The Residential sector includes all energy service demands and emissions from the Scottish housing stock. Scottish TIMES splits the sector into three broad demand sub-sectors:
- Heating (space and hot water heating), using a range of fuels
- Cooking, using a range of fuels
- Appliances (lighting, refrigerators/freezers, wet appliances, consumer electronics, computers and other appliances), which consume electricity
The National Household Model ( NHM) is designed for detailed modelling of the residential sector, and it can therefore be run using all dwellings sampled by the Scottish House Condition Survey ( SHCS). Following a statistical review, the various dwellings sampled by the SHCS were aggregated into six different archetypes in TIMES, to strike a balance between computational simplicity and capturing the variability of the housing stock. These were:
- Existing urban houses
- Existing rural houses
- Existing flats
- New urban houses
- New rural houses
- New flats
Assumptions are made for each of the energy service demands in the base year for urban houses, rural houses and flats. The only demands for which a distinction is made between existing and new dwellings are the space and hot water heating demands. For all other energy service demands, dwellings of all ages are combined but the distinction between urban house/rural house/flat is maintained.
Final demands for space heat, hot water and appliances are exogenous to the model. These are determined based on average space heat and hot water demand for existing and new dwellings from the Scottish House Condition Survey; existing and projected future number of dwellings from the Transport Model for Scotland (used to derive existing and future demand for space heat, hot water and all appliances, except computers and consumer electronics); as well as number of lighting units per dwelling and growth in demand for computers and consumer electronics consistent with the UK TIMES model.
Base year average space heat and hot water demand has been calibrated to account for differences between modelled and actual data, based on data from the UK TIMES model. New build average demand is lower than for existing homes to account for tightening building standards over time, with the reduction based on data from the Scottish House Condition survey.
Technical potential and cost data for the Residential sector were originally based on UK TIMES, but subsequently the range of conservation measures, as well as their potential future energy savings and costs, were updated to be consistent with NHM outputs based on data from the Scottish House Condition Survey. Potential energy savings from smart meters were taken from the UK Government's Smart Meter Roll-Out ( GB): Cost-Benefit Analysis  . Smart meters are expected to allow consumers to develop more energy efficient behaviours, leading to reduced energy consumption.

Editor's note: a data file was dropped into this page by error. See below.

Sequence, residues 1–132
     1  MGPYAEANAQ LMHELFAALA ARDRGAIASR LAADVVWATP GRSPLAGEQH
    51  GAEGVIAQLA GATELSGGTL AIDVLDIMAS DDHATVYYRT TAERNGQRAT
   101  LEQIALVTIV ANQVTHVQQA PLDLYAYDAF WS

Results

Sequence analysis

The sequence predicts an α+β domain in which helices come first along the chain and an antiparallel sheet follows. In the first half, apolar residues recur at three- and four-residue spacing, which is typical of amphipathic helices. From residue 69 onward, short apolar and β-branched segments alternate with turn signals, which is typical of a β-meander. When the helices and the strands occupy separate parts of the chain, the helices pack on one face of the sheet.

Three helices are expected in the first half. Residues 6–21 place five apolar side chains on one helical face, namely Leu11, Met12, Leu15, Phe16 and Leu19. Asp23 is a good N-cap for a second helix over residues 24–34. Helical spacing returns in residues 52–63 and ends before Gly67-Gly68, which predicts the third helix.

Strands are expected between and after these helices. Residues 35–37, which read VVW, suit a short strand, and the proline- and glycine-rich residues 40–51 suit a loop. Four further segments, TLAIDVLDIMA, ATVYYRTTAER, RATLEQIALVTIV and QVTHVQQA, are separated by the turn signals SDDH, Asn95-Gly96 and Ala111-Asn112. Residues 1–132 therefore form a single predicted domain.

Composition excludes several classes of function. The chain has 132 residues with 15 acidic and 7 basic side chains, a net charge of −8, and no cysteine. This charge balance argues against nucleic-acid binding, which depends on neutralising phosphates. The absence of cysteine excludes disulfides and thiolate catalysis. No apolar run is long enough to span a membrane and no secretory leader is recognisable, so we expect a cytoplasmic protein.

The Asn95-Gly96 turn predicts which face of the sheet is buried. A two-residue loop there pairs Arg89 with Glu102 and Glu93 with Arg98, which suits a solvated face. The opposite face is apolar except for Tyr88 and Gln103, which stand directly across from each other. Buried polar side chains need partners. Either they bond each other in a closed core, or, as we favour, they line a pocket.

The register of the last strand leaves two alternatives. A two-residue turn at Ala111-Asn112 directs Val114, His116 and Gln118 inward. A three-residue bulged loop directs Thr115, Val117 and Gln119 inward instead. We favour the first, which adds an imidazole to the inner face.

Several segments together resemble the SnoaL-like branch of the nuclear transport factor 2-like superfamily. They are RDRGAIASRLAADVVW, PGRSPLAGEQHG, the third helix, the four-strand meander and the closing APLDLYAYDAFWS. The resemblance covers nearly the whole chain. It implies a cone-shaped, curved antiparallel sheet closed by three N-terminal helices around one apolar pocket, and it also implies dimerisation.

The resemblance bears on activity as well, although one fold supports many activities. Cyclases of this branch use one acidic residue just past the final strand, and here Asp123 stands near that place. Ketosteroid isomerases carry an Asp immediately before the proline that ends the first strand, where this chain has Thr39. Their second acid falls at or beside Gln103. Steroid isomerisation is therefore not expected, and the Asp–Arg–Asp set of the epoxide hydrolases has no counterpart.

Additional constraints since the Draft Plan:
In addition to updating existing model assumptions, several new constraints have been added to the model since the version underpinning the draft Climate Change Plan. These include, in addition to the Greenhouse Gas Inventory:
- Ensuring a minimum share of future non-electrical heat is supplied by biomass boilers, reflecting current activity levels
- Incorporating smart meters, as detailed above
- Ensuring the phased implementation of conservation measures is in line with expected delivery under Scotland's Energy Efficiency Programme ( SEEP), as well as updating the range of measures, their savings and costs to be in line with the NHM for Scotland, as discussed above
- Constraining the potential deployment of district heating to align with figures in the UK's National Comprehensive Assessment of District Heating and Cooling (2015) 
- Defining an increasing share of heat and hot water demand in the Residential sector that must be met by low-carbon technologies and fuels (including electricity) over time. The share of heat and hot water demand that must be met by low-carbon technologies and fuels in the final Plan is limited to align with the proportion of properties that are not on the gas grid and advice from the Committee on Climate Change ( CCC)
Energy efficiency saves the equivalent of around 2% of demand for space heat and hot water in 2020, rising to around 15% in 2032.
The breakdown of total space heat and hot water saved by conservation measure is given in the figure below. The figure only shows those conservation measures that have been selected by TIMES and that save at least 0.1 TWh of energy in the TIMES run underpinning the Plan. Energy savings from smart meters are additional to these savings, and are assumed to be around 2% of final space and hot water demand. Cavity wall, floor and solid wall insulation deliver similar savings, with the proportion of total energy saving delivered by each remaining fairly consistent over the lifetime of the Plan.
Figure 11: Total Saving ( TWh) by Conservation Measure in Residential Sector, TIMES model results
Total fuel use by the Residential sector falls from approximately 47 TWh in 2020 to 38 TWh in 2032. Gas continues to be the main fuel source for households over the lifetime of the Plan but declines in prevalence. The use of electricity falls from 15 TWh in 2020 to 13 TWh in 2032, as a result of energy conservation and efficiency and the use of efficient heat pumps.
Figure 12: Fuel Use Breakdown ( TWh), TIMES model results